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And not kept drawing still unwholesome draughts
Stand úp here, little finger; thou 'rt the pensive,
Ténder white-rose frostnipped in Weimar's garden
Só, being a bóy, I used to count my fingers,
Walking from Sanct Anton on the ADLERBERG (German TYROL) to TEUFEN in Canton APPENZELL, Sept. 6—10, 1854.
“WHÝ 's a priest like a fingerpost, you dunce?"
"He points the way, but never goes himself.” Walking from UNTERBRUCK to KREUTZSTRASSEN near MUNICH, July 4, 1854.
Lived many years ago ;
For I myself don't know;
But 'twas a curious creature,
So délicately made
Its júdgment was deféctive,
Its mémory was weak, Until it was two years old
Not one word could it speak.
Capricious in its témper,
And gráve by fits, then gay, It séldom liked tomorrow
The thing it liked today,
When 't mét a little troúble
'Twould heáve a doleful sigh, Clásp its forepaws together
And loudly sob and cry;
And then when something pleased it . 'Twould fall into a fit And work in such convúlsions
You 'd think its sides would split With little taste for lábor,
And weary soon of rest,
Which of the two was best.
So after a while's lábor
It would sit down and say: “This lábor is a killing thing,
I 'll work no more today.”
Then after a while's sitting
'Twould fóld its arms and cry: "Donothing 's such a weáriness
I'd álmost rather die.”
As fóx or magpie clever,
And full of guile and art, Its chiefest study ever
Was hów to hide its heart;
And seldom through its feátures
Could you its thoughts discern, Or whát its feelings towards you
From words or manner learn.
Fierce, únrelenting, crúel,
Bloodshed was its delight; To give pain, its chief pleasure : From mórning úntil night;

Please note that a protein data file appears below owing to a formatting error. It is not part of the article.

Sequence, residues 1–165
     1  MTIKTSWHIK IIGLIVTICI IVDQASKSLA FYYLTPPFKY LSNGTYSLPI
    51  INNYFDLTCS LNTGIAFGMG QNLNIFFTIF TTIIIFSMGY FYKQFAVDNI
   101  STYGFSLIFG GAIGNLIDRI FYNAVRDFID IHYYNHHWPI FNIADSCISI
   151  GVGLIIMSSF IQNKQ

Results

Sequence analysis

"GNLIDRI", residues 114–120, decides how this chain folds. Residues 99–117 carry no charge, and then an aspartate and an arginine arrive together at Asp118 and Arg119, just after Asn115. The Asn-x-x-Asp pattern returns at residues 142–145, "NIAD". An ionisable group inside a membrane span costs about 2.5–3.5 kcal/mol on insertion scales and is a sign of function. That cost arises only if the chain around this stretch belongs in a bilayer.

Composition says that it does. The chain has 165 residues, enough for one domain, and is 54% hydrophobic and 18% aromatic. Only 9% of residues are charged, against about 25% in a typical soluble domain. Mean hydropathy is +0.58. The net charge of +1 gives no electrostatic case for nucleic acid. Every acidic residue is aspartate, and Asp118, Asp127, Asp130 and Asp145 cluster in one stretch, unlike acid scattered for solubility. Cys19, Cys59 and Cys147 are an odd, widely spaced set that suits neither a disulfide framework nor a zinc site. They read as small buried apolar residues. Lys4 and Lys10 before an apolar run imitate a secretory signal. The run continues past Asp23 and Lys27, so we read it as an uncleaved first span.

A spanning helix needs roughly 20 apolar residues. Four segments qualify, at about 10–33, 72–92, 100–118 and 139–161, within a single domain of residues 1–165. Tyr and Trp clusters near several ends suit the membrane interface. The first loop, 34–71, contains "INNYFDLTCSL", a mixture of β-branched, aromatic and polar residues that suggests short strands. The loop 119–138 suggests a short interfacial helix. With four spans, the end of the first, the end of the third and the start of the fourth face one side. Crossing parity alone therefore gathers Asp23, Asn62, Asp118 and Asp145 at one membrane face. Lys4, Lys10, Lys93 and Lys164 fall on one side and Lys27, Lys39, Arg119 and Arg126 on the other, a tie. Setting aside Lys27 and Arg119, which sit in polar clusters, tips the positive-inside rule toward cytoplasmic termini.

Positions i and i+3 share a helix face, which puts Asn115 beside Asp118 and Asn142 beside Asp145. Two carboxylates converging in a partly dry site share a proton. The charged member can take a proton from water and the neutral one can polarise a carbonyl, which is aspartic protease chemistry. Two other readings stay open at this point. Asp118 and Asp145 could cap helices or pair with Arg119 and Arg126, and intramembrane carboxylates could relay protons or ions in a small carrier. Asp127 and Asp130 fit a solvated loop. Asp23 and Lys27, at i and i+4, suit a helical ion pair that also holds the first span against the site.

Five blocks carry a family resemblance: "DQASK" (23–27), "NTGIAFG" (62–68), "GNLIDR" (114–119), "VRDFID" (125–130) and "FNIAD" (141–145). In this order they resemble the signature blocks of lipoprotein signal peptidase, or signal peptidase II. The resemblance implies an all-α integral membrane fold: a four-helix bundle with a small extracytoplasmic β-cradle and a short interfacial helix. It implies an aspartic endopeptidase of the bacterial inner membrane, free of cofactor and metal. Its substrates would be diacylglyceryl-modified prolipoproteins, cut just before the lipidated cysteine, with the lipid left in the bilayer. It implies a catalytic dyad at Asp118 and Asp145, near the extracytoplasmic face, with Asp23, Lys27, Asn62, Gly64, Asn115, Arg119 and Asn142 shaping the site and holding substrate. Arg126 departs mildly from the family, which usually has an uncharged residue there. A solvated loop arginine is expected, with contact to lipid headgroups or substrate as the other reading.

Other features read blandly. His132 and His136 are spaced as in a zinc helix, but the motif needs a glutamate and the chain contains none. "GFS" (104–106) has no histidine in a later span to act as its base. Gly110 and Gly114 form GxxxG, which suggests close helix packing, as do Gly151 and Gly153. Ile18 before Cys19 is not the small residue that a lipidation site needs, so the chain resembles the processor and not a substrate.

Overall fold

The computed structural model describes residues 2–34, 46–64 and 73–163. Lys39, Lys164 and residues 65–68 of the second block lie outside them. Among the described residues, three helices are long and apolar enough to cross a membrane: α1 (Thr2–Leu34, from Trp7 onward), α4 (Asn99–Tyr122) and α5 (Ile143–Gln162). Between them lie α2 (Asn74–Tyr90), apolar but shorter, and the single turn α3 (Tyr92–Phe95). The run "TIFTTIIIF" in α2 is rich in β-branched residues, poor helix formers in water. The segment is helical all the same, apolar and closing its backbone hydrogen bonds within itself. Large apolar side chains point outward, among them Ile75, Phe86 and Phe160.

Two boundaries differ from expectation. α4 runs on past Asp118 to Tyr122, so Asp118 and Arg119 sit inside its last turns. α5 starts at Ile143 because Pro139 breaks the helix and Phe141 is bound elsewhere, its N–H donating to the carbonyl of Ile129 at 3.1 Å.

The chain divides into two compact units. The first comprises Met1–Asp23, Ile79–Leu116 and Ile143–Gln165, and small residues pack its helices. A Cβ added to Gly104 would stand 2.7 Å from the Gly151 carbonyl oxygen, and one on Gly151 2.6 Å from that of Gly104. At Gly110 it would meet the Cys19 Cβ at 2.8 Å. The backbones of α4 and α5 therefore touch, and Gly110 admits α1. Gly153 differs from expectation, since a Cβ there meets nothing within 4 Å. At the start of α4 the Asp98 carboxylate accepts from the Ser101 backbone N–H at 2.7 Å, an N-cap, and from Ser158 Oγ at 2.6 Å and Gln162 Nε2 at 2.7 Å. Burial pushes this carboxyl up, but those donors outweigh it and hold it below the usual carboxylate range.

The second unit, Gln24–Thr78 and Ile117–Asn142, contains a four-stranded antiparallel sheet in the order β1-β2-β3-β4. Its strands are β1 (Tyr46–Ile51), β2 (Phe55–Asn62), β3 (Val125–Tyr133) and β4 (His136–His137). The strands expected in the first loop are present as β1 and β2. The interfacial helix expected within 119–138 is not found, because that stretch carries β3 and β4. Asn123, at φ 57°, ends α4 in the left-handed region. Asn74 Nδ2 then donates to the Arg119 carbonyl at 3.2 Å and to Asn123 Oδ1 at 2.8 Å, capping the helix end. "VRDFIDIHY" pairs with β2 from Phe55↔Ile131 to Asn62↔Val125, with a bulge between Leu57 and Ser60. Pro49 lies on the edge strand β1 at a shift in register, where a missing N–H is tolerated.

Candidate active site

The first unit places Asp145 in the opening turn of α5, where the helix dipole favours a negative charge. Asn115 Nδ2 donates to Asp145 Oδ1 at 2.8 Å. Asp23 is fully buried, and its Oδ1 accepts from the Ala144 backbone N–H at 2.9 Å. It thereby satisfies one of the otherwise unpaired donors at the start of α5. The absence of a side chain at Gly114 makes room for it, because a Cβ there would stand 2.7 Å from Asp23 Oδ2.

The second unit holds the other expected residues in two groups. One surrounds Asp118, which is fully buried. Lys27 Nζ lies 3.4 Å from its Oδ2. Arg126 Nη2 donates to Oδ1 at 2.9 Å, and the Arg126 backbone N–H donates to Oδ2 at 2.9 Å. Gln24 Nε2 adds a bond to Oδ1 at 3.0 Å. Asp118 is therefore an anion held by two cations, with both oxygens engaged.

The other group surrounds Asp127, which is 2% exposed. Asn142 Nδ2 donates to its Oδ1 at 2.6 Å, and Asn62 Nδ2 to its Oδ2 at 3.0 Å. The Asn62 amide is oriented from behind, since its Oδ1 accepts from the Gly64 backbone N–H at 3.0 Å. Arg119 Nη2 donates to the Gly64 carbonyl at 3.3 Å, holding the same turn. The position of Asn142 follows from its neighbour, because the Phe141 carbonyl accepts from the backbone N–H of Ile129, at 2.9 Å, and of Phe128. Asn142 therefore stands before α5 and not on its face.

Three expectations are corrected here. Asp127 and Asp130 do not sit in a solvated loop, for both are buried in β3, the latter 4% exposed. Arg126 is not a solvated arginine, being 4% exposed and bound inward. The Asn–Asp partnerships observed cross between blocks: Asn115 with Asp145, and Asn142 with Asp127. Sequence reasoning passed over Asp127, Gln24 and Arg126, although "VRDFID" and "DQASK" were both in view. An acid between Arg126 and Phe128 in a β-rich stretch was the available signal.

All kinds of beasts, birds, fishes,
'Twould fall upon and kill, And not even its own like spare,
Its húngry maw to fill ;
And when it could no more eat
But was stuffed up to the throat,
And on their anguish gloat.
But Í would not believe it
Though depósed to upon oath -
Wise men were ever loath;
And all the ancient récords
Líkeness and son and heir,
That for some seventy years should
Live wickedly, then die
And flý up to the sky;
And there in the blue éther
With God for ever dwell,
When 't shoúld have been in hell.
Begun at Arco in the Italian TYROL, Aug. 24, 1854; finished while walking from CAMPIGLIO across the Val di Non and over the PALLADE to SPONDINI at the foot of the ORTELER, Aug. 29 to Sept. 2, 1854.
THE GAP IN THE CLOUDS. *
It happened as one summer day I walked
* Mountains have fallen Leaving a gap in the clouds, and with the shock Rocking their Alpine brethren; filling up The ripe green valleys with destruction's splinters, Damming the rivers with a sudden dash Which crushed the waters into mist, and made Their fountains find another channel - thus, Thus, in its old age, did Mount Rosenberg.